Water Systems

Posted by: Sponge

Water Systems - 11/22/20 07:06 PM

I broke my sawyer mini this weekend, so it's time to replace it. I liked the size of it (could fit in my fly fishing sling pack), but the bag it comes with is small and it never really had the flow rate I would've liked so it took forever to fill up water bottles.

What's your water system and what would you recommend?
Posted by: Tom7654

Re: Water Systems - 11/22/20 07:31 PM

I switched from a Sawyer mini water filter to AquaMira chlorine dioxide water purifying drops. The drops are much more convenient, and they're also a bit lighter weight. The treated water tastes fine, unlike the iodine drops I tried years ago.
Posted by: BZH

Re: Water Systems - 11/23/20 10:09 AM

If the trip has access to clear stream water I prefer the Steripen. Lightweight and fast. If you expect occasional debris then just pre-filter with a bandana. If you expect a bit of off-putting flavors then I bring a water bottle with an activated charcoal filter (Steripen in the bottle, then put the cap on and drink through the AC filter).

For larger groups, where sterilizing a liter at a time gets annoying I have a BeFree filter with a reservoir. I'm not sure I would recommend it though. I've read an awful lot of failure reports of the thing getting clogged and last I checked they do not have an appropriate integrity check.

Some years back I did a trip in the desert during rainy season. Water was available but very muddy. It was nice to have a filter that was easy to clean. I think we had an MSR Miniworks. Pump until the filter clogged. Open it up and pop out the filter, clean it off, put everything back together, and keep filtering.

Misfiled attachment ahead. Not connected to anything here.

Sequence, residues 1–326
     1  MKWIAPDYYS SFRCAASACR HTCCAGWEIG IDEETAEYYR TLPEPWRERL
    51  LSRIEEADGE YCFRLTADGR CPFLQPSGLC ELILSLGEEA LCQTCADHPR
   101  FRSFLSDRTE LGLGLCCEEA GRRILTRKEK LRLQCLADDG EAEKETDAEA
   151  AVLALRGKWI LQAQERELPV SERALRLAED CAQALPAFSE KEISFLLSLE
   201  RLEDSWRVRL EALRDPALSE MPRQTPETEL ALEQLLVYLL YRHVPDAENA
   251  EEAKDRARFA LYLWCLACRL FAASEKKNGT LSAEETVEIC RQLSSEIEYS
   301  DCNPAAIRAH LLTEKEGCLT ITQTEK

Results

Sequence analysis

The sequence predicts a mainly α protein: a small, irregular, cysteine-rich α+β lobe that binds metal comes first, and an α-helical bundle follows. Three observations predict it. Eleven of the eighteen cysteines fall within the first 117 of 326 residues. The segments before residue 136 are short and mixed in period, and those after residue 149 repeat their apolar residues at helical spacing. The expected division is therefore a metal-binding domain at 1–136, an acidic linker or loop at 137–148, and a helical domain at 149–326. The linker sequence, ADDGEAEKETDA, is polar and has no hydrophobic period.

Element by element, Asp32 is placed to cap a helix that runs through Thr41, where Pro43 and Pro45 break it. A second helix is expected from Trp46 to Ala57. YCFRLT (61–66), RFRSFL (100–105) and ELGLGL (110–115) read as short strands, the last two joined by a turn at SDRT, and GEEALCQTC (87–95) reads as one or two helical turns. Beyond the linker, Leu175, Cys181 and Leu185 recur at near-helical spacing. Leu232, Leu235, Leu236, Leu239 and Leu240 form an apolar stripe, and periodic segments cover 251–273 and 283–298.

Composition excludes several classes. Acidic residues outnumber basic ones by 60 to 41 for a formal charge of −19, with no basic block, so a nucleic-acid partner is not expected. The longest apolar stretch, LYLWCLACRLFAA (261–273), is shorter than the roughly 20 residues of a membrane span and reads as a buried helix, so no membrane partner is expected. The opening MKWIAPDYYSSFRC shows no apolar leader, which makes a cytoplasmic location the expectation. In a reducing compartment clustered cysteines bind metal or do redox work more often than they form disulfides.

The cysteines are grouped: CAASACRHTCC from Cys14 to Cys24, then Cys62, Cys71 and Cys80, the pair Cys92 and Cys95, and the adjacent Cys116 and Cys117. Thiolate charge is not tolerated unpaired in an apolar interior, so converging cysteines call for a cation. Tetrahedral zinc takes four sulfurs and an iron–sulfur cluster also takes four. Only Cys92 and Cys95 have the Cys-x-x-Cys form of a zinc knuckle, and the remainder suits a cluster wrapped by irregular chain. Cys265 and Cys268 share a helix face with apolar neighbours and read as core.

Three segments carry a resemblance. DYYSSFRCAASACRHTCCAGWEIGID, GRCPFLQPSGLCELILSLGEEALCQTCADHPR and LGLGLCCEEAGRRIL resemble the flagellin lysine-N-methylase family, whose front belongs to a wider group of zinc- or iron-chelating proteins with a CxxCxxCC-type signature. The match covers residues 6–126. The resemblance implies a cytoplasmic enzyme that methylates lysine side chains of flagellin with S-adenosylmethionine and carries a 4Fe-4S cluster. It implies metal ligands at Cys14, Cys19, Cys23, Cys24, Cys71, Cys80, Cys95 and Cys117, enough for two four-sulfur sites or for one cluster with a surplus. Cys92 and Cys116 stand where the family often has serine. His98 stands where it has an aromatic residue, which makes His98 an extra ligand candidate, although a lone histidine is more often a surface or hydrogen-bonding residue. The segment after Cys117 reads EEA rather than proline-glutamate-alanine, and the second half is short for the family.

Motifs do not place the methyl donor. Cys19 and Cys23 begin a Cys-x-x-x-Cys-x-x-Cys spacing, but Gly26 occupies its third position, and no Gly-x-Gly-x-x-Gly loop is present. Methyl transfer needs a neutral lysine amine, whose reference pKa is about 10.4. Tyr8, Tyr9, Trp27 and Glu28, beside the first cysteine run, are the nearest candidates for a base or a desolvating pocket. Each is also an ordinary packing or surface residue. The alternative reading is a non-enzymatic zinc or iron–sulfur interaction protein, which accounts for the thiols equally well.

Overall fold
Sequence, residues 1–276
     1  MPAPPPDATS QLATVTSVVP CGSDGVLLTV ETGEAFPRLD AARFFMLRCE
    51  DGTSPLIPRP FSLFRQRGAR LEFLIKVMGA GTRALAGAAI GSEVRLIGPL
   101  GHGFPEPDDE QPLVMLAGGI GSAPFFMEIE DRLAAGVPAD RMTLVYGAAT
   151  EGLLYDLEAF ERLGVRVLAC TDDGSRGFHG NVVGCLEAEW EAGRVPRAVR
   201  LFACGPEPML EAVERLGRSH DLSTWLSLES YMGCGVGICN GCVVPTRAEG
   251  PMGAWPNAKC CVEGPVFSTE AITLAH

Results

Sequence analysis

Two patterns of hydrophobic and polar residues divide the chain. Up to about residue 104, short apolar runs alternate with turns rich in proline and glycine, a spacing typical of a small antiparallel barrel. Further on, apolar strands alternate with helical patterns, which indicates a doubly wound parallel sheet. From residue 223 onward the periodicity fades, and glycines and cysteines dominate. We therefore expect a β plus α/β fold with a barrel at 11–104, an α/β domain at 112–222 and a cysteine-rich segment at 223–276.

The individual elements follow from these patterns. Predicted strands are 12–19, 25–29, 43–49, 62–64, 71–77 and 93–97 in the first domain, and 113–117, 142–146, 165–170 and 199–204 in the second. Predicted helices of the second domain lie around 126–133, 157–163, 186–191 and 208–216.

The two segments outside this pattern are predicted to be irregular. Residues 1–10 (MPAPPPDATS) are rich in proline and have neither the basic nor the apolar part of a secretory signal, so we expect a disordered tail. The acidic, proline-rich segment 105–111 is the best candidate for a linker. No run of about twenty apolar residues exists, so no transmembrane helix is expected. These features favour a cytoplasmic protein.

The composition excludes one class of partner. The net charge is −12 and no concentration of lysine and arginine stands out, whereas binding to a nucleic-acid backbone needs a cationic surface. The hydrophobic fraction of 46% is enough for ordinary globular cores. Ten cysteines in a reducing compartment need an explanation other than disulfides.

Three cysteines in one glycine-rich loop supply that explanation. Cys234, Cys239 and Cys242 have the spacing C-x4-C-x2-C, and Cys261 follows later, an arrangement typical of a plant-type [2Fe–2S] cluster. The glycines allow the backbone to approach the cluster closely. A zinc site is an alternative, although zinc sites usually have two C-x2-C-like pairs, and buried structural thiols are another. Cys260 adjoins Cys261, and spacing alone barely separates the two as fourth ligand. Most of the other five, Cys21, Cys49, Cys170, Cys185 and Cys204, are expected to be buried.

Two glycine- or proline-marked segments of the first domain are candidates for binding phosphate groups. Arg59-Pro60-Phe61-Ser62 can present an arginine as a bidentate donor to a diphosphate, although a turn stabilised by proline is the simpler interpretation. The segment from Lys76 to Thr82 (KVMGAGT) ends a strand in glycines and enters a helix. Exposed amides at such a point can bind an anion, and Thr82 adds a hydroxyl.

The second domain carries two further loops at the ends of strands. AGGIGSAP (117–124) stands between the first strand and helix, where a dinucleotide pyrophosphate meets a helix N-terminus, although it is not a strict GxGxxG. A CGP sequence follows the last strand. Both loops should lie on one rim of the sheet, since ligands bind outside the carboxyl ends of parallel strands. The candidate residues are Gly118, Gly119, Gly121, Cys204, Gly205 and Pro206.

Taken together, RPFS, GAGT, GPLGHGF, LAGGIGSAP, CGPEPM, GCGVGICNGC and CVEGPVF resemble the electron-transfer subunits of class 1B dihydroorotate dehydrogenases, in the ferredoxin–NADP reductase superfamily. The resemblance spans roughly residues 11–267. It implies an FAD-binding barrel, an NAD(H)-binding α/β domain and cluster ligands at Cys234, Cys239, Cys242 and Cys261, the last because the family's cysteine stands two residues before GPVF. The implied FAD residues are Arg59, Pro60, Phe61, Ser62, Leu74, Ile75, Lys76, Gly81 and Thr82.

The one thing I bring along with me is the piece of mind that backcountry water (at least in the US/Canada) isn't really that full of nasties. They did a survey of people coming off the AT. No correlation was found between water treatment technique (including people who did not treat at all) and getting sick. A strong positive correlation was found with cleanliness habits. I treat all my water because, even if the chances are low, I don't want giardia or the ilk, but I spent more time worrying about if I washed my hands well enough after I went to the bathroom.
Posted by: Tom7654

Re: Water Systems - 11/23/20 11:16 AM

BZH, you're right that a lot of backcountry water is fairly safe, especially at higher elevations and far from agricultural and urban areas. But the Appalachian Trail hikers survey actually concluded that "For the most part, hikers treated their water. The less frequently they did so, the more likely they were to contract waterborne illnesses."

Posted by: Sponge

Re: Water Systems - 11/23/20 03:00 PM